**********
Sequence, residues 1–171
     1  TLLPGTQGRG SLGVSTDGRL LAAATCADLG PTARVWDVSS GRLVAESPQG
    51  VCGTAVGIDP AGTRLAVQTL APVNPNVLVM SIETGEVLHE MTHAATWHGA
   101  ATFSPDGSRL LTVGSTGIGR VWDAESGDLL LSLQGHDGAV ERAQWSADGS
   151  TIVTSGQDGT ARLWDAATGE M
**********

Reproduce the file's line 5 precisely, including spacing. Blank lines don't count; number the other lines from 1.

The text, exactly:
   151  TIVTSGQDGT ARLWDAATGE M